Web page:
"He might take the same shot 10 times in a row from the same spot and he would do 10 different things to save it. We needed to simplify his game. 'This is the best way to do it and let's do it every time.'
"The other thing with him was everything had to be a save. He's 6-4. He's huge. Sometimes you just need to be there and let puck hit you. At first he was almost too athletic."
With simplicity came consistency.
"When he gets in 5-on-3 situations, backdoor plays, breakaways," Pecknold said, "he can still use his athleticism to make unbelievable highlight-reel saves."
One came when he stopped Harvard on a 3-on-0 break.
"Eric probably is the best goalie in college hockey right now," Pecknold said. "He's a great kid, very well-liked by the guys. He's a character. He's a different personality. He's a free spirit. He is all over the place sometimes. There will be times when I go, 'Guys, make sure Hartzy is at the 2:15 meeting.' I kid around sometimes on the road, I'll put somebody in charge of Hartzell to make sure he gets on the plane and gets off the plane."
Lots of players, the young, the shy, the untalented, fear the moment they have to sing or perform during team's bonding moments. Not Hartzell. He broke into a beat-box act that lasted three minutes and left the team impressed. Years after his act, you know what impresses me? His honesty.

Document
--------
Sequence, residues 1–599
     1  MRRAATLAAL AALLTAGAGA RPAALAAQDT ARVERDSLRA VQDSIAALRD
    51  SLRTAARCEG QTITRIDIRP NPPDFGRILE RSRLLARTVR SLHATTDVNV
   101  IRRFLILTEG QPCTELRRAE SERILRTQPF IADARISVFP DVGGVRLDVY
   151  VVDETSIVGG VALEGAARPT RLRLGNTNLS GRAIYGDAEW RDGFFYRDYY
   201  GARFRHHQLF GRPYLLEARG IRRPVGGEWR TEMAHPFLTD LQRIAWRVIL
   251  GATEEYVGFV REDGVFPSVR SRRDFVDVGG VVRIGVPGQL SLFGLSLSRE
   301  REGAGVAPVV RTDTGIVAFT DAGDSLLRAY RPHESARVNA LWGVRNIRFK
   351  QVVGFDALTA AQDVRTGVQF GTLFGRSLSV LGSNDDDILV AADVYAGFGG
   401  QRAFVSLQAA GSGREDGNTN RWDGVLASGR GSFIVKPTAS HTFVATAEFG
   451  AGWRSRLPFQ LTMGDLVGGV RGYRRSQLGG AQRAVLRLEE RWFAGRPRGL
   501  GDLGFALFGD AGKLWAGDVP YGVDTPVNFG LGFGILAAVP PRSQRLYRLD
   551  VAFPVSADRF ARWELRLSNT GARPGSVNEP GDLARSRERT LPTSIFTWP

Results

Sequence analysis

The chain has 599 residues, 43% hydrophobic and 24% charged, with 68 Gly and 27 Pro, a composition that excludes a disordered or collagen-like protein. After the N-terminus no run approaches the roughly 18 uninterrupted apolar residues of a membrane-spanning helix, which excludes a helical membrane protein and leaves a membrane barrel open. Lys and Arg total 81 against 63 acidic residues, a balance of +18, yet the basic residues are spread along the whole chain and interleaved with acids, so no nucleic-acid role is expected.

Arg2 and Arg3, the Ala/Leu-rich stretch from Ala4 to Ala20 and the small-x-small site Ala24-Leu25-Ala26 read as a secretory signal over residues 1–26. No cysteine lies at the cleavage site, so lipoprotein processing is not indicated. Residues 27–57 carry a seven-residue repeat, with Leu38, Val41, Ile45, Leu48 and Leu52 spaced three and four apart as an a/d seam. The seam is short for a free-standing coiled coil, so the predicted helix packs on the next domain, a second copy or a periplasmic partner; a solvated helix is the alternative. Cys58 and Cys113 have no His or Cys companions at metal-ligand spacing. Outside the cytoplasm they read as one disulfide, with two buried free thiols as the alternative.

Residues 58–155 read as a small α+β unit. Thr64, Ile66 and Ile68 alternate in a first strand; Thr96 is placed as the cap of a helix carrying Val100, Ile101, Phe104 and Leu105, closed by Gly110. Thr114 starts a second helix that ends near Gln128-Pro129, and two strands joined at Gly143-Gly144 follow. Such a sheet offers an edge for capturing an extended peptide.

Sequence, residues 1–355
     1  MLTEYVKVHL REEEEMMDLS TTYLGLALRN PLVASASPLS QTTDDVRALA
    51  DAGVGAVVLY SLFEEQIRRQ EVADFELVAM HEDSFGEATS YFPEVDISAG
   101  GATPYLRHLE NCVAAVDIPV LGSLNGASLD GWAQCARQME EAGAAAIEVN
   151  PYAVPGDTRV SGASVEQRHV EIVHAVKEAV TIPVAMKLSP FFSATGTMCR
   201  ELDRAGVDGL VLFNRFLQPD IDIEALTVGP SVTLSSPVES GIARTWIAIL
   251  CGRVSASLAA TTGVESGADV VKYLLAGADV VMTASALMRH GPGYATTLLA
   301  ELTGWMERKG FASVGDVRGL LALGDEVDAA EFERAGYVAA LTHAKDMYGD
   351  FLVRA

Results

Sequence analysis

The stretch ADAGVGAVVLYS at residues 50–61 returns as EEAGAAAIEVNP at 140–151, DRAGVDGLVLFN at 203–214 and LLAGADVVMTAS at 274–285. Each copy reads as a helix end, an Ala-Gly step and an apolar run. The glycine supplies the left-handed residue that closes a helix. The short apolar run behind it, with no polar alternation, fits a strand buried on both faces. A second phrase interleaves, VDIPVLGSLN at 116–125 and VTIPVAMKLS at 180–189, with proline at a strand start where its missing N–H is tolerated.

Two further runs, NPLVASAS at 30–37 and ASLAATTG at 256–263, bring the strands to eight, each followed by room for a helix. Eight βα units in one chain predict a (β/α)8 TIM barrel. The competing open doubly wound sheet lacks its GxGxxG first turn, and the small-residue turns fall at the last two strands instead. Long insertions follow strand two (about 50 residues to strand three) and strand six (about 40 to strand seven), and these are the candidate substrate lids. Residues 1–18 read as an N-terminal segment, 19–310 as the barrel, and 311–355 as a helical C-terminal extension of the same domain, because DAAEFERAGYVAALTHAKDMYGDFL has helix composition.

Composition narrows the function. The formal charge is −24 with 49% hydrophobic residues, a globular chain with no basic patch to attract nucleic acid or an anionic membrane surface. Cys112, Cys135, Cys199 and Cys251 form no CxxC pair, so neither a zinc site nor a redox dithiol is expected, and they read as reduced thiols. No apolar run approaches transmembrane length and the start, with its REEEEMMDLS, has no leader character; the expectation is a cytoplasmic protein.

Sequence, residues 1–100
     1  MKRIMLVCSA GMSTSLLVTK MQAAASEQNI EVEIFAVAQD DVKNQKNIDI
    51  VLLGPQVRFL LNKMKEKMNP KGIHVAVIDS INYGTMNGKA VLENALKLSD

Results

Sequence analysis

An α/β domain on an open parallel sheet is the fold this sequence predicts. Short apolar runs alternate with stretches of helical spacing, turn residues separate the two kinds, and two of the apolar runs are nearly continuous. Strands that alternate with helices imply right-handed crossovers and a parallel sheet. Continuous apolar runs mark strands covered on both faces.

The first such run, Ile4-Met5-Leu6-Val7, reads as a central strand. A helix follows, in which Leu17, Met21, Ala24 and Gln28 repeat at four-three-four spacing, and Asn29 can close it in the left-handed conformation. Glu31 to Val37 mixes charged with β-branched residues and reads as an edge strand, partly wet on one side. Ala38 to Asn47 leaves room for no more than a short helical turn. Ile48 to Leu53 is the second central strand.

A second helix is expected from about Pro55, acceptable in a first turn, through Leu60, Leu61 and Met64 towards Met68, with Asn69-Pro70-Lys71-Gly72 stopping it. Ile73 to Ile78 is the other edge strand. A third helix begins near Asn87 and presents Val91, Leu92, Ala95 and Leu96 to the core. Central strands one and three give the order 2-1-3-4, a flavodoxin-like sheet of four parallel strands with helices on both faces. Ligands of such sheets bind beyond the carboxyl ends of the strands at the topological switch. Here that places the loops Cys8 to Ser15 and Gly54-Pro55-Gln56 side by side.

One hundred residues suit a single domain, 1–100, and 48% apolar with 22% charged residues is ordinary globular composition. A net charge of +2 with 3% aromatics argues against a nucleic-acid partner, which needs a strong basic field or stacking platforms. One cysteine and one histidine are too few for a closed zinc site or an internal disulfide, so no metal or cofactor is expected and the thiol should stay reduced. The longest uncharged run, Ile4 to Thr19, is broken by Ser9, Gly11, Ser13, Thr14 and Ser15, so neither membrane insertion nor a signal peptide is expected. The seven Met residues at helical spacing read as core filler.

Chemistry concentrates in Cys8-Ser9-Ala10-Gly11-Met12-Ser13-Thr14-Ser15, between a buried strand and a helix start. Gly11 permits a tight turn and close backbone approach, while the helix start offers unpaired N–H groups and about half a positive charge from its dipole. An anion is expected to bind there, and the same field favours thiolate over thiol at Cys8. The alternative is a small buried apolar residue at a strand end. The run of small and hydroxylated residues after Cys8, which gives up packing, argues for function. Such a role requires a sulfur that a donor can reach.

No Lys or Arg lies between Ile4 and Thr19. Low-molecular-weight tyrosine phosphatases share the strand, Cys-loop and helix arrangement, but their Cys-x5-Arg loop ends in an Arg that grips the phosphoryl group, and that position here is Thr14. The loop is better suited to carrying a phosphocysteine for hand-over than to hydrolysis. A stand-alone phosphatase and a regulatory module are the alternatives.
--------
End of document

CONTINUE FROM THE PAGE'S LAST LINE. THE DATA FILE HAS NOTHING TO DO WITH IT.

He went undrafted by the NHL. Others who have risen to his station would complain about how they were disrespected or done wrong. Hartzell?
"I wasn't ripped off at all," he said. "I wasn't ready to be drafted. I didn't deserve it. The work I've done at college identified me as a goalie."
So he'll be a free agent at the end of the season. There has been no shortage of NHL brass at Quinnipiac games. He is a hot property. The ECAC finish line, the NCAA Tournament, possibly the Frozen Four, the Hobey Baker, a free-agent signing, the pros … it's going to hit him in a hurry.
"We've had multiple talks," Pecknold said. "I just had him in the office [Friday] and told him, 'Don't get wrapped up about what NHL teams like you or who needs goalies. Just stay focused on being great every day you come to the rink.'"
Is he good enough for the NHL?
"Absolutely," Pecknold said.
After Hartzell tapes his sticks, he takes a permanent marker and writes "NHL" on the knob.
"It's a constant reminder of where I want to be one day," Hartzell said. "But today, I'm 100 percent focused on this team. We are on a great run."